Mrs. Livingston arrives in the morning to a waking Dolly creating appearances that are not exactly what they seem. Young Eddie attempts to explain how the lady ended up at their home and suggests his father is teaching him how to pick up women on his behalf. Mrs. Livingston is appalled as only Mrs. Livingston can be.
It's moments like these where either Eddie's father is imparting wisdom to his son or his son, like all young kids, teaches his father a thing or two. The kid is indubitably precocious.
The tender series really touches a whole host of issues that were prevalent in the day. Part of me can't help but notice the more things change the more they stay the same to use an expression. And truth be told, things have changed a good deal as well. I couldn't resist unwrapping the arrival of The Courtship Of Eddie's Father on DVD-recordable from Warner Bros.. It called to me. This is like an unexpected Christmas gift, because the thought of The Courtship Of Eddie's Father EVER arriving on DVD seemed like something of a pipe dream. Additionally, the gift of technology allows us to show classics like this series to kids. Contemporary programming standards and lax at best, and it's often altogether devoid of anything appropriate, save for the lack of mini-skirts. It's funny, but language, violent slapstick is far more acceptable today, while women as objects seems to have taken a backseat. Certainly instances crop up that were politically acceptable decades earlier. You'll know them when you hear them. They cause an immediate reaction when you do.
Nevertheless, my healthy obsession for all things Bill Bixby did not disappoint and you would be wise to give this family show a chance given the fact we have the option. My nostalgic affection for it aside, my own kids immediately took to it. It certainly won't have the psychological impact for them that it did me with the security of two parents at their side, but it's a welcome diversion from everything else thrown out them from the Disney channel and Nickelodeon.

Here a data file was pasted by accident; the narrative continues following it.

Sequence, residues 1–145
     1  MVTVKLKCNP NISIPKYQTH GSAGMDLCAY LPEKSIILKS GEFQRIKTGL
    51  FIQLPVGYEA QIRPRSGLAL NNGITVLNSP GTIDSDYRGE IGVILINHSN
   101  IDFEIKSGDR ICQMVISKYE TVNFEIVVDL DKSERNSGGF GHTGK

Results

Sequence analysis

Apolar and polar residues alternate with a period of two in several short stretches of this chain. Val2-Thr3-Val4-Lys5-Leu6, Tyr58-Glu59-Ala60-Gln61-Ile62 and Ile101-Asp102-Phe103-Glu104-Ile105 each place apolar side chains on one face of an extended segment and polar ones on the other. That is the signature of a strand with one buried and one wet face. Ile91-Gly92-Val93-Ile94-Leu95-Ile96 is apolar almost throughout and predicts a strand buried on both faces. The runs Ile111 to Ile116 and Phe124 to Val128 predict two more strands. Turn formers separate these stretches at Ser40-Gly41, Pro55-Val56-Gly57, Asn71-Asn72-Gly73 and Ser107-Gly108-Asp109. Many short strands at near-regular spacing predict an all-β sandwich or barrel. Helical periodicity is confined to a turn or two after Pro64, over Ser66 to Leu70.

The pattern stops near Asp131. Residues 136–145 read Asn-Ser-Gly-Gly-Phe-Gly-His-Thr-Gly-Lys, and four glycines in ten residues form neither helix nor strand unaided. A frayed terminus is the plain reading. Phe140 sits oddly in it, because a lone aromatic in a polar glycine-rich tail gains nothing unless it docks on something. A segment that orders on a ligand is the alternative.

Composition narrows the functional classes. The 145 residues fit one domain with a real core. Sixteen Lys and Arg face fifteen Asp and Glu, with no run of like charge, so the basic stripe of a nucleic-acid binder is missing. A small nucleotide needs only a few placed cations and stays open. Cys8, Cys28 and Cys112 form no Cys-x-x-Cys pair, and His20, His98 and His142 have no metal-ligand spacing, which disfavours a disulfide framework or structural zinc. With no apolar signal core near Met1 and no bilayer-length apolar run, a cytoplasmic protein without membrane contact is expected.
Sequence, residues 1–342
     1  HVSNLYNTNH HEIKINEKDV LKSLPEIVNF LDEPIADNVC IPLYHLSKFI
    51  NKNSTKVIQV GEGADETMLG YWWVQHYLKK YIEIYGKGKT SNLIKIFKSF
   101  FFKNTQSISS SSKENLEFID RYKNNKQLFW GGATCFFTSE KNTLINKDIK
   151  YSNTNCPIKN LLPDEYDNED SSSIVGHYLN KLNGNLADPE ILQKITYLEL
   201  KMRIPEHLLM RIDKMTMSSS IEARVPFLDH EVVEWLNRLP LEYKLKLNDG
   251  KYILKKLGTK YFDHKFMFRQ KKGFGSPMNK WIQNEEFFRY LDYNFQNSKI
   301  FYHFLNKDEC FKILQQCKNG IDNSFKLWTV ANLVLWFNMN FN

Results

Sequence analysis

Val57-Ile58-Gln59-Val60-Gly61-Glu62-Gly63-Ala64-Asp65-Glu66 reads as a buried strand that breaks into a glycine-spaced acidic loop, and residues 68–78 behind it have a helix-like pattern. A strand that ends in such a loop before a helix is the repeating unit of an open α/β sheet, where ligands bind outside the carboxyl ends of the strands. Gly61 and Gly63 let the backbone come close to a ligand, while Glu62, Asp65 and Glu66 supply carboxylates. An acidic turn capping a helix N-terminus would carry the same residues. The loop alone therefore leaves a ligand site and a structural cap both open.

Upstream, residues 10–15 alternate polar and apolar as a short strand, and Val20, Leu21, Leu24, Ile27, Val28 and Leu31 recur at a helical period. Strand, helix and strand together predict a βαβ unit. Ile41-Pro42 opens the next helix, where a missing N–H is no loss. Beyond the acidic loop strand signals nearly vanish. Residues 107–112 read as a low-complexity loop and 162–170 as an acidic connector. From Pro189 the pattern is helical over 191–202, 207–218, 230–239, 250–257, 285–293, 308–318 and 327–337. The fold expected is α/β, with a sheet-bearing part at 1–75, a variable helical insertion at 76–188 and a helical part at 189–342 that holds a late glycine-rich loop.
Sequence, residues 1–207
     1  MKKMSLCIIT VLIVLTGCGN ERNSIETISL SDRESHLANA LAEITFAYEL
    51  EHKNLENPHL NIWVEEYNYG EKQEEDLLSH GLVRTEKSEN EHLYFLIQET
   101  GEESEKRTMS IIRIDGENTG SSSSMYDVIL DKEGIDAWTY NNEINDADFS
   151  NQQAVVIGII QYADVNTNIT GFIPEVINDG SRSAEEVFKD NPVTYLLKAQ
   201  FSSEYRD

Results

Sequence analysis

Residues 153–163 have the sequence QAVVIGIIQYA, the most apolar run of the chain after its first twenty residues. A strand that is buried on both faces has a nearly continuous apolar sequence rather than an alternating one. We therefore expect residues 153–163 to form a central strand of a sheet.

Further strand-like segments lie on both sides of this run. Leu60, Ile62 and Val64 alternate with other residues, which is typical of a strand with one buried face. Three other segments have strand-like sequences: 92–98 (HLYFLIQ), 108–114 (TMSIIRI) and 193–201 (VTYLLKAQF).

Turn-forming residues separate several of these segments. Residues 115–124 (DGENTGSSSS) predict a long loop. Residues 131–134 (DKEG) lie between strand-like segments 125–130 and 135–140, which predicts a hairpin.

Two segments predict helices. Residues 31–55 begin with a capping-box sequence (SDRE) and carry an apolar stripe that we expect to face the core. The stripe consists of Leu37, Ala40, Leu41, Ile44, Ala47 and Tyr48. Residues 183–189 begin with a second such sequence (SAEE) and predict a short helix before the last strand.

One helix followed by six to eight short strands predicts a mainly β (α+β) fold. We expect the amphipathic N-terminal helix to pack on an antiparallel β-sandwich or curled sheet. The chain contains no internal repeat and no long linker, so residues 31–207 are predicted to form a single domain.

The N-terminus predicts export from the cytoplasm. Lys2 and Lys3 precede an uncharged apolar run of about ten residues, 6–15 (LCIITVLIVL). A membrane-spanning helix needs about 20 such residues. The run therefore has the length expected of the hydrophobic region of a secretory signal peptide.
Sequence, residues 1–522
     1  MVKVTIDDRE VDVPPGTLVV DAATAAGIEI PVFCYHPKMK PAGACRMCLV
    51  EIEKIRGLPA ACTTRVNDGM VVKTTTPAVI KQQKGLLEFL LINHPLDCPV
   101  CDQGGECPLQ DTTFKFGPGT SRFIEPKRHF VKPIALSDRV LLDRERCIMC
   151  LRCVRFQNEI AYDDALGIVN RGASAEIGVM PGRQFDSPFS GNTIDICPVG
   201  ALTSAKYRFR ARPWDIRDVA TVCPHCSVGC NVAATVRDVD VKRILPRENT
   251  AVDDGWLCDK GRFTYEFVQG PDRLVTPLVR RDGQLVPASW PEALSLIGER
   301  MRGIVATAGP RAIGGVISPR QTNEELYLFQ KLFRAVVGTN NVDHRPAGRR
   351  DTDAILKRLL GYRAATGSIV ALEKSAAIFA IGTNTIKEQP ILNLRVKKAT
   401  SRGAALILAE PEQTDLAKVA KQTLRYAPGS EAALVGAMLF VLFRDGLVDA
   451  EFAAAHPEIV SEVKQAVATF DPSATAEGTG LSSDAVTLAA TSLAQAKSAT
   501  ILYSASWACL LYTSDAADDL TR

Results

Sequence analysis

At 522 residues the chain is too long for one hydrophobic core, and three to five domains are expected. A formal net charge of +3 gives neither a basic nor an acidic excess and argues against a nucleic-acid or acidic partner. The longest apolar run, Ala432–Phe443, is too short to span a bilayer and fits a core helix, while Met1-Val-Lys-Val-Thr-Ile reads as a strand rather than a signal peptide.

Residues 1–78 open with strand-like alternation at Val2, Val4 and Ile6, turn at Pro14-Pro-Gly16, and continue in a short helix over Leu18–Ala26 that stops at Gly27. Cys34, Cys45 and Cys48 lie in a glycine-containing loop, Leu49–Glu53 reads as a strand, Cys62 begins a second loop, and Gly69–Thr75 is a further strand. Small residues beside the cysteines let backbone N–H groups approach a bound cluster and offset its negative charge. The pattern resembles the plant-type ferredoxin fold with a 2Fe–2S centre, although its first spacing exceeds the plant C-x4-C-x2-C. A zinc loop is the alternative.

Listen I make no apologies if I'm overly partial to the sentimental or if I appear stunted in my nostalgic viewing experience. To that I say, to each his own. And based on the the current crop of television on evidence today, there's nothing to suggest The Courtship Of Eddie's Father is inferior to any degree based simply on age. In fact, much of it is far superior as sitcom material goes. Yes, you can do far worse in 2011.
Mrs. Livingston, I Presume: B+. Writer: James Komack & Richard M. Powell. Director: Alan Rafkin.
Characters: Bill Bixby [Tom Corbett]/ Brandon Cruz [Eddie Corbett]/ Miyoshi Umeki [Mrs. Livingston]/ James Komack [Norman Tinker]/ Kristina Holland [Tina Rickles].
Actress footnote: Miyoshi Umeki [1929-2007]. Mrs. Livingston. Miyoshi Umeki's role was significant opposite Bill Bixby and Brandon Cruz known for her sweet reference to Tom Corbett as "Mr. Eddie's Father." She was a very important component to the chemistry of The Courtship Of Eddie's Father with her soft, sweet, traditional Japanese woman awakening to American culture each episode. Umeki had a remarkable life as an artist. Born in Japan, Umeki became an American immigrant after World War II. She enjoyed a steady career as a singer in the 1950s recording many singles for RCA Japan [1950-1954]. She also released several recordings for Mercury [1955-1959] in the states. As an actress she was the first Asian American to actually win an Academy Award for Best Supporting Actress in Sayonara , starring Marlon Brando. In 1958 she was nominated for a Tony Award and a Golden Globe in the film adaptation of the musical she was nominated for, the Flower Drum Song. Remarkably, for all her talent, she only appeared in four films [1961-1963] following her Academy Award. Later, following her role as Mrs. Livingston on The Courtship Of Eddie's Father [1969-1972], for which she was nominated for a Golden Globe, she retired from acting. Sadly, like Bixby years earlier, Umeki passed away from cancer-related complications.